The court’s decision
The three court instances concluded that there was no need
for royalties for know-how relating to the manufacture of the licensed Finished Product on a licensed Plant to be included in the customs value of the Equipment from which that Plant was assembled by reason of the following:
1. The royalties do not relate to the imported Equipment:
- The imported Equipment was not designed under the licences and is not mentioned in the licensing agreements.
- The Equipment is not specialised and designed exclusively for building a Plant and manufacturing Finished Products on it using the know-how.
- The Equipment and materials for the Plants were acquired from various suppliers, including domestic manufacturers.
2. The payment of royalties is not a condition of the sale of the Equipment by the foreign supplier:
- The licensing agreements do not state that sellers from the countries of consignment (Poland, Germany, France, et al.) are prohibited from selling (manufacturing) the goods at issue if royalties are not paid.
- The licensor has no legal leverage over sellers from the countries of consignment since the territorial extent of the licences does not include the countries of consignment of the goods at issue.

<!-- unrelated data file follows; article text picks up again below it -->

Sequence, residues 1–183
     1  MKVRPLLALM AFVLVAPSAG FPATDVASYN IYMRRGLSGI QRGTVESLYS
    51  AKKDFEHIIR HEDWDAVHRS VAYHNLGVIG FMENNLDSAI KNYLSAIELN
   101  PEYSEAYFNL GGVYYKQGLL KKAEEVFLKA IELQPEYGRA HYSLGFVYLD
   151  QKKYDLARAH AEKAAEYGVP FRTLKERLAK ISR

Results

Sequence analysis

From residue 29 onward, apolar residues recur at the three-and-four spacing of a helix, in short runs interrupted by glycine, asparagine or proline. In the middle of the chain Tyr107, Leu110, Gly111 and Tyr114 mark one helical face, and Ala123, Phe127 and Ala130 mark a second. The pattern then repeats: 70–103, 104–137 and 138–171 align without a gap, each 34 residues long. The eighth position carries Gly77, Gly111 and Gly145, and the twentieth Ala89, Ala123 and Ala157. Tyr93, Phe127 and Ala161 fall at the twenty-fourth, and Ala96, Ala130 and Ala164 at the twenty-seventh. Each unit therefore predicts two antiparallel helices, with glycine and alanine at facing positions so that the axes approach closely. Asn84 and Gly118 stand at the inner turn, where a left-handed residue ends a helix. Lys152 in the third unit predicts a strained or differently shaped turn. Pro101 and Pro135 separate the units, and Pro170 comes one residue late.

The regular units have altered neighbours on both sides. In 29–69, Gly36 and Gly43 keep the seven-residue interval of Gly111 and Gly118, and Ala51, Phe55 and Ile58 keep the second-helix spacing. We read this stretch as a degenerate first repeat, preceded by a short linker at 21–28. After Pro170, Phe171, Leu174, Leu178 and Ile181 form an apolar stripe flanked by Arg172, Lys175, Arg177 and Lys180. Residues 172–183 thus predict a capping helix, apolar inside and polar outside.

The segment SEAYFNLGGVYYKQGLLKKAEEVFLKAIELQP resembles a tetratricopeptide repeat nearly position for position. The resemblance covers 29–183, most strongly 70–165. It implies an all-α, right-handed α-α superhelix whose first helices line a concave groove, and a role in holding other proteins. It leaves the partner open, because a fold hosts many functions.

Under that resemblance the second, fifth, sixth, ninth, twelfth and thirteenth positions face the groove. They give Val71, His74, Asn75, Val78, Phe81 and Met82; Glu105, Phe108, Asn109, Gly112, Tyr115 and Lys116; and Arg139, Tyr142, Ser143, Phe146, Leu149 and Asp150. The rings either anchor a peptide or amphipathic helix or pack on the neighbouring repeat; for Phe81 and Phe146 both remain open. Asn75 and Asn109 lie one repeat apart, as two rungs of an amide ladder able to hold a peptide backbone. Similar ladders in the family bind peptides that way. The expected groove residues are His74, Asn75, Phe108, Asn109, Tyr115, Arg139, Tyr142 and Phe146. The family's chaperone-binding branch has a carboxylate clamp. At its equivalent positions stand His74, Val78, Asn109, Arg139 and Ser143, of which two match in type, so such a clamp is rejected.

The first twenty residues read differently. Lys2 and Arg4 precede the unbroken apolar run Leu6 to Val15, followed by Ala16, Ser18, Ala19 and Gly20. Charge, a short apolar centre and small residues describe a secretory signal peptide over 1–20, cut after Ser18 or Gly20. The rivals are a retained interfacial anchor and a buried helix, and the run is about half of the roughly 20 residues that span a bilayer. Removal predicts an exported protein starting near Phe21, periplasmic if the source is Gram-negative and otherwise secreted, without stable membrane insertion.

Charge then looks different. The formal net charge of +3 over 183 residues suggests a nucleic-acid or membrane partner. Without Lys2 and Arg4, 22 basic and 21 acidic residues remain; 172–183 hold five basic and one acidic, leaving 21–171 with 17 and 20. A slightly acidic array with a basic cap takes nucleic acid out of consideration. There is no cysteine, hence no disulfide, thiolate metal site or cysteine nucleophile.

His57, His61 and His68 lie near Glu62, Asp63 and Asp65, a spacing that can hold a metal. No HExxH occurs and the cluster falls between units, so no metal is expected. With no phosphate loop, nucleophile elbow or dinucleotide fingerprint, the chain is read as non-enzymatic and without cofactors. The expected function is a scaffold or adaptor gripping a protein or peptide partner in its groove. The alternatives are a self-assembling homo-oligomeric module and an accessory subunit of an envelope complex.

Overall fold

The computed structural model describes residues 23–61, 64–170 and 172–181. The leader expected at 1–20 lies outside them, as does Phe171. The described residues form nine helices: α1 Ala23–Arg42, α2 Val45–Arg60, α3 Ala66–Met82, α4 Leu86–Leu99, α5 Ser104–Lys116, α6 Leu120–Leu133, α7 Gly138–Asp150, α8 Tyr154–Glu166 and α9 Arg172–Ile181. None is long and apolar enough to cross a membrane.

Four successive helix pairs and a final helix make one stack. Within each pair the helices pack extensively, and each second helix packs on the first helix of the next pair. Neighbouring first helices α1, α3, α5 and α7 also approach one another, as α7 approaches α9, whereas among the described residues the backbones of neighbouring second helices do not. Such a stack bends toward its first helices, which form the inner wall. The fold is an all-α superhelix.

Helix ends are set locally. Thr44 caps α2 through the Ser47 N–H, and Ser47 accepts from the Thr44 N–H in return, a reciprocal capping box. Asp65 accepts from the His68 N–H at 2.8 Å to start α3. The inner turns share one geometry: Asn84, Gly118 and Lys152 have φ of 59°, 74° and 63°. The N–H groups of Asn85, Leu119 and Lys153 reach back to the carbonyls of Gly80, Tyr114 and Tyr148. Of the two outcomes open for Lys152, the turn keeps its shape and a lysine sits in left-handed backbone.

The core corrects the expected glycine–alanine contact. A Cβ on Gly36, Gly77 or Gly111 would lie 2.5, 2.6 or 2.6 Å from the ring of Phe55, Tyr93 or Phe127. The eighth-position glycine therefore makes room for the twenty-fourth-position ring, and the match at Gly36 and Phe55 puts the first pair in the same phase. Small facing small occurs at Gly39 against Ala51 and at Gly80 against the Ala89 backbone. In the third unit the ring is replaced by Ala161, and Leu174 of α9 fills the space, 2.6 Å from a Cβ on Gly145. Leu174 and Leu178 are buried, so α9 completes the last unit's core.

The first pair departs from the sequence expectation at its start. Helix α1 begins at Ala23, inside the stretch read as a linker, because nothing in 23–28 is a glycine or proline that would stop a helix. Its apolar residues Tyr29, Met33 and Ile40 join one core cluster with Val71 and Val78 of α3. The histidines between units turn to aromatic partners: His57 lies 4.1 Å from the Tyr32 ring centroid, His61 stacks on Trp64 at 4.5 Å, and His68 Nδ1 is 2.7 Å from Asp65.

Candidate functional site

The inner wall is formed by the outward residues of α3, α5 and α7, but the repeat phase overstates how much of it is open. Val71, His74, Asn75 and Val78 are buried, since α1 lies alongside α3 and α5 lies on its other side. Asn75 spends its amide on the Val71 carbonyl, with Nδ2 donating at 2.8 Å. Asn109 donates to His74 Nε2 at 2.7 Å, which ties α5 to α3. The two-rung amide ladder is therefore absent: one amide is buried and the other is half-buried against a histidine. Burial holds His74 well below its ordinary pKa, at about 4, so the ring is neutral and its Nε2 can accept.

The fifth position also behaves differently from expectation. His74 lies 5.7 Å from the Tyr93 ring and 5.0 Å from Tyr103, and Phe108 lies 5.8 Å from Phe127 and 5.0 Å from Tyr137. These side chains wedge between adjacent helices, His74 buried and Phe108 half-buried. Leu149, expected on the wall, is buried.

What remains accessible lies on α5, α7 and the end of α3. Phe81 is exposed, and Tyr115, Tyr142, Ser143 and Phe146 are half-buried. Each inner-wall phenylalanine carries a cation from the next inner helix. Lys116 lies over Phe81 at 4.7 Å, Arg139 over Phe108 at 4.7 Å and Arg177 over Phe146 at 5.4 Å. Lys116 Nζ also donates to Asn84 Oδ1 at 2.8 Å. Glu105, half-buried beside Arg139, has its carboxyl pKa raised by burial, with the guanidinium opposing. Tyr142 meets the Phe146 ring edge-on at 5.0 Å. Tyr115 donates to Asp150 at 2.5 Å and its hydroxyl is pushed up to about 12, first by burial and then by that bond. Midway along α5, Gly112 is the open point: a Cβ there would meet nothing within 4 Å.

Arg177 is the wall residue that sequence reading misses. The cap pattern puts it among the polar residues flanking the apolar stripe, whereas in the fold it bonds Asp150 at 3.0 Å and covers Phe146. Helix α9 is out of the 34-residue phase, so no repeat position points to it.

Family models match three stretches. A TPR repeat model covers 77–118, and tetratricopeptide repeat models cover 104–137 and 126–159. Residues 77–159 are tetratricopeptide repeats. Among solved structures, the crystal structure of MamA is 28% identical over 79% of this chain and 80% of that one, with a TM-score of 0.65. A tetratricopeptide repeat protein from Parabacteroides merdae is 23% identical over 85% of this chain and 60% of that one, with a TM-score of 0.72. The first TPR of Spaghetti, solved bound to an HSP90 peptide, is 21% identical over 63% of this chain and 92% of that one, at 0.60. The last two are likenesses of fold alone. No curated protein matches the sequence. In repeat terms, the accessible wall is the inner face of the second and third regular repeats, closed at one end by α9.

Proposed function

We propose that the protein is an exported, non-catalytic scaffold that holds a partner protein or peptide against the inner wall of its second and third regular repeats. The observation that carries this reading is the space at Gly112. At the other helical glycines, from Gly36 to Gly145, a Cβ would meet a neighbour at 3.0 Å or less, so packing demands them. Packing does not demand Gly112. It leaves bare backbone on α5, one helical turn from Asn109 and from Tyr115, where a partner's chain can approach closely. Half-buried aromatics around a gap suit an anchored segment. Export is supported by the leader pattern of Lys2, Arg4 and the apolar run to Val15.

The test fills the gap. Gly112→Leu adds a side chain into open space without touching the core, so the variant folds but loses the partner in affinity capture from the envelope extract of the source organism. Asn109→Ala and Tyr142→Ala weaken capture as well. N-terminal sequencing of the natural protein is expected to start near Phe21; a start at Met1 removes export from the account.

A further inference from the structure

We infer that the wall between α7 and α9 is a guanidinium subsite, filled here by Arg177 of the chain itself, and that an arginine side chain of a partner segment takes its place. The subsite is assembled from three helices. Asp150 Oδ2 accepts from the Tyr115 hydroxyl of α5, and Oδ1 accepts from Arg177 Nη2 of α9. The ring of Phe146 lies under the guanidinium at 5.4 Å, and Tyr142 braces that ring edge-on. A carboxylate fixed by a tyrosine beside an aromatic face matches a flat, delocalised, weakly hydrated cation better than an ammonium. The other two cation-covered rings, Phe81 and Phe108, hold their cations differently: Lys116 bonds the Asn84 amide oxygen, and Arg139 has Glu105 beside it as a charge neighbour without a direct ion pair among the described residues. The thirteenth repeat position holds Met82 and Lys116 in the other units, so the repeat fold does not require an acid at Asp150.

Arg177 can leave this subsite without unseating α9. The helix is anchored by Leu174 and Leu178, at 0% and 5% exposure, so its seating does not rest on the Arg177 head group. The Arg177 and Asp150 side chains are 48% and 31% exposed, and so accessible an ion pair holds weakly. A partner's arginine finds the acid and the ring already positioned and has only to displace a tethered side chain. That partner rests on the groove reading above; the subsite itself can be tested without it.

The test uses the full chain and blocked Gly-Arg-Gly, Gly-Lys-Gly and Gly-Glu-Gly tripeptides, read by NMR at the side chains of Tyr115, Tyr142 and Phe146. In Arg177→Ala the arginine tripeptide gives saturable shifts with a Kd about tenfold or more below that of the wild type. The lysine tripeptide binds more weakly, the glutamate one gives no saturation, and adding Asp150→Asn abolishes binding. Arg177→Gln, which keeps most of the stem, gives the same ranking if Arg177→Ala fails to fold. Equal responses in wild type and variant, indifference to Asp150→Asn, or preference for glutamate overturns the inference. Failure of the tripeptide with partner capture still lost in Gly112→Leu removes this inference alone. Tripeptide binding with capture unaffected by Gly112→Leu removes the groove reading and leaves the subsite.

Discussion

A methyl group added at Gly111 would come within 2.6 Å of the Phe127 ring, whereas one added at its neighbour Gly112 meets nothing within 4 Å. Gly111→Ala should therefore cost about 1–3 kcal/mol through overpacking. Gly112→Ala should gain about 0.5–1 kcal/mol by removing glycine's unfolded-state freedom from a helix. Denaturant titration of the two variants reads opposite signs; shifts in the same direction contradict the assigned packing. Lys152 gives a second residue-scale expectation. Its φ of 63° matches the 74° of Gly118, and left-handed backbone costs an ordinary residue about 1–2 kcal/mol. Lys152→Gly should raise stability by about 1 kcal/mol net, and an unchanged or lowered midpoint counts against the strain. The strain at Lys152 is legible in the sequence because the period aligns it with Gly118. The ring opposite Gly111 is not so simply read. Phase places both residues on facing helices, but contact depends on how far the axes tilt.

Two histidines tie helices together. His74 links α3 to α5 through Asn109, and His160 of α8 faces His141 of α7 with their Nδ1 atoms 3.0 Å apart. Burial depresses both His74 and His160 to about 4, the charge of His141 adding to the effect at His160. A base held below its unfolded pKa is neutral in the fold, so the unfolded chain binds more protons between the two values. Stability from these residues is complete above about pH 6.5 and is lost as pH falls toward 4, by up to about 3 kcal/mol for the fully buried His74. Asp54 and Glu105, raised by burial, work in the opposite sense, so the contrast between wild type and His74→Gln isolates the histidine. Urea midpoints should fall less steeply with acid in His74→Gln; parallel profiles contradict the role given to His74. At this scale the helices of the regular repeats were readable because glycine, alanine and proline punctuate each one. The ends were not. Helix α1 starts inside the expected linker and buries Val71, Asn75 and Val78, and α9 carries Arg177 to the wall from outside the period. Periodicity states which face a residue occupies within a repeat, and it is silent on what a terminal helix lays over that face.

3. Adding royalties to the customs value of the Equipment is unreasonable since it is impossible to quantify precisely the ratio and (or) economic value of the know-how for this purpose:
- The Plants were built out of imported and Russian goods, besides which further expenses were incurred to engage independent contractors for the construction work itself.
- The ratio of the cost of the imported Equipment to the cost of Finished Products, sales of which form the basis for the royalty amount, is 35%, i.e., a small proportion.
We hope that the decision on this case will influence the course of future case law on disputes relating to customs value and over whether payments for the use of manufacturing know-how should be included in customs value.
In the case described, rulings made by the courts right up to the second round of adjudication of the case by the cassation court contained no references to or conclusions regarding circumstances that were directly relevant to the resolution of the dispute.
However, there is no reason to believe that those facts and circumstances were presented only in the second round of adjudication and only to the cassation court.
This highlights more clearly than ever the importance of the thorough and professional preparation of a legal position and the effective presentation of that position in court.